Accuracy in Media


The Washington Post ran a lengthy article labeling President Donald Trump racist if he bans menthol cigarettes, yet, Orwellianly, he’s also racist if he doesn’t. Post reporters Hannah Knowles and Laurie McGinley couldn’t get African-American leaders and consumers in their reporting to agree if menthol cigarettes should be banned, yet the Post unequivocally argued that because the Trump administration has taken action to reduce the availability of vaping, by default he must be racist since he hasn’t taken similar action against menthol, which is disproportionately favored by black consumers.

“As Trump tackles vapes, African Americans feel stung by inaction on menthol cigarettes,” Knowles and McGinley’s headline states.

“Trump’s unexpected assault on flavored e-cigarettes has resurrected a complicated, years-old debate over tobacco regulation, racial equity and health,” the Post reported. “Is the government wrongly ignoring another flavored nicotine product that poses particular dangers to African Americans? Or would it be discriminatory to ban a flavor so popular among blacks? Some black leaders say a ban on menthol cigarettes would be paternalistic, robbing African American smokers of their right to choose which products to use. Others, including many black health advocates, counter that it’s racist not to ban a dangerous product pushed for years by what they call predatory, racially targeted marketing.”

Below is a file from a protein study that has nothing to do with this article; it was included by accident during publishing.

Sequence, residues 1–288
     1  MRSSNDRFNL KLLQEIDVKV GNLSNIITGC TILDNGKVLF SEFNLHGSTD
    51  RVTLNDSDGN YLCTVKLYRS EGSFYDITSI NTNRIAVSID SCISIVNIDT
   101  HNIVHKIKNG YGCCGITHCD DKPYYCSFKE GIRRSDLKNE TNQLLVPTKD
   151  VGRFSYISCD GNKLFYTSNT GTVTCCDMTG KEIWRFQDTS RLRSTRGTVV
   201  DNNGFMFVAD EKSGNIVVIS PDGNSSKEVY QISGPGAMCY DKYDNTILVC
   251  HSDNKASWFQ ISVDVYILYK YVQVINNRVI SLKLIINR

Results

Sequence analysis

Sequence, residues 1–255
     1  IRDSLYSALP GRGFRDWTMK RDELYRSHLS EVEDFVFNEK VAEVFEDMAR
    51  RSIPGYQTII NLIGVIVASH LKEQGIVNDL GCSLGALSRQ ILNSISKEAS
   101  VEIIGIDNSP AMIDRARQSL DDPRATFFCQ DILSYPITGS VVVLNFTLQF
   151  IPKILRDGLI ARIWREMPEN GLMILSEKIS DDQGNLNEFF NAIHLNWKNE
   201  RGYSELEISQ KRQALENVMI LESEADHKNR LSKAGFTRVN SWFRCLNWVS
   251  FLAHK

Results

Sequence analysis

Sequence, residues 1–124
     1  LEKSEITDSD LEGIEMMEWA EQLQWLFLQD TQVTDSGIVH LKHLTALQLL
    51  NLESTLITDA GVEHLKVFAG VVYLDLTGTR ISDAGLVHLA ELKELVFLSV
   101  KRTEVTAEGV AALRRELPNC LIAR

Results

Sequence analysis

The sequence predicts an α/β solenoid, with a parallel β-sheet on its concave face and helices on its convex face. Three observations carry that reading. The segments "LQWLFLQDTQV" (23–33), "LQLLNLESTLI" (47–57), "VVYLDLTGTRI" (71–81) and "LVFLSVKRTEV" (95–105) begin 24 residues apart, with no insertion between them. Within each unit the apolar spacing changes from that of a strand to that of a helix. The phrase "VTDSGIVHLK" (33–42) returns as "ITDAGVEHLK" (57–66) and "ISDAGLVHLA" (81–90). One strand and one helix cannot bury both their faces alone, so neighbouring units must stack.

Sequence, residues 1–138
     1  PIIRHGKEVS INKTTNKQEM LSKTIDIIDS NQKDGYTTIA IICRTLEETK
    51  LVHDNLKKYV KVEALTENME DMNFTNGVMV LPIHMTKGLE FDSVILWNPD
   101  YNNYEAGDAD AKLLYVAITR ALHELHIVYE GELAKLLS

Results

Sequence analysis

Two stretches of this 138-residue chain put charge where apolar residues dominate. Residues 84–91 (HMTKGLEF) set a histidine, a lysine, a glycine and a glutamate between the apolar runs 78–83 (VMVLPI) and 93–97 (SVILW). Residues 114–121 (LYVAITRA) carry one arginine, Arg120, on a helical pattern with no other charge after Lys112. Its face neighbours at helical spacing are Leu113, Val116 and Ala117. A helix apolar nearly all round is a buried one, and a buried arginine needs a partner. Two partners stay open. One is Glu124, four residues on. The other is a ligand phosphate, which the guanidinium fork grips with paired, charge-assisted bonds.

The mainstream media is quick to portray President Trump as a racist, yet the Post’s reporting showed many African-Americans, including MSNBC host Al Sharpton, opposing a menthol ban.

“During the debate over the 2009 tobacco-control law, the Congressional Black Caucus was split on the contentious issue of whether to ban menthol cigarettes, with some members arguing it was unfair to outlaw African American smokers’ product of choice,” the Post said. “Some lawmakers were also concerned about jeopardizing Philip Morris’ support for the bill. In the end, Congress exempted menthol and ordered the FDA to take a close look at the issue. Menthol cigarettes are still popular among African Americans, 47,000 of whom die every year of smoking-related causes … In New York City, a major battle looms over a bill that would prohibit the sale of flavored tobacco products, including menthol cigarettes, pitting African American groups and health organizations against Al Sharpton and a civil rights group he founded, National Action Network. Sharpton argues that banning menthol cigarettes would harm African Americans by increasing encounters with police. He points to the case of Eric Garner, who died in 2014 after a cop put him in a chokehold while arresting him for allegedly selling untaxed cigarettes. Recently, Garner’s mother also denounced the proposed ban … Smokers, too, have expressed fierce opposition to a menthol cigarette ban. NYC Citizens Lobbying Against Smoker Harassment wrote council members that black customers will be ‘outraged at being targeted’ rather than thankful their favorite product is banned.”




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